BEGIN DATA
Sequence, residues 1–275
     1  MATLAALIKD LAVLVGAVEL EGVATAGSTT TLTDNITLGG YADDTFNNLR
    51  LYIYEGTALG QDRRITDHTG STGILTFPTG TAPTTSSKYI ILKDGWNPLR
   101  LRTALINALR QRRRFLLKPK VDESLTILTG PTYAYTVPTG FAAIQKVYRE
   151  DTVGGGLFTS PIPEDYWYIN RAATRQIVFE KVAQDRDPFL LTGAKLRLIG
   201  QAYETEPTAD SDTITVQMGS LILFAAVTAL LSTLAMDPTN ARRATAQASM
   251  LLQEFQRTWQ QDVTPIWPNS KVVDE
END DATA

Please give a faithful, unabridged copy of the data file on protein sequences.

Sequence, residues 1–275
     1  MATLAALIKD LAVLVGAVEL EGVATAGSTT TLTDNITLGG YADDTFNNLR
    51  LYIYEGTALG QDRRITDHTG STGILTFPTG TAPTTSSKYI ILKDGWNPLR
   101  LRTALINALR QRRRFLLKPK VDESLTILTG PTYAYTVPTG FAAIQKVYRE
   151  DTVGGGLFTS PIPEDYWYIN RAATRQIVFE KVAQDRDPFL LTGAKLRLIG
   201  QAYETEPTAD SDTITVQMGS LILFAAVTAL LSTLAMDPTN ARRATAQASM
   251  LLQEFQRTWQ QDVTPIWPNS KVVDE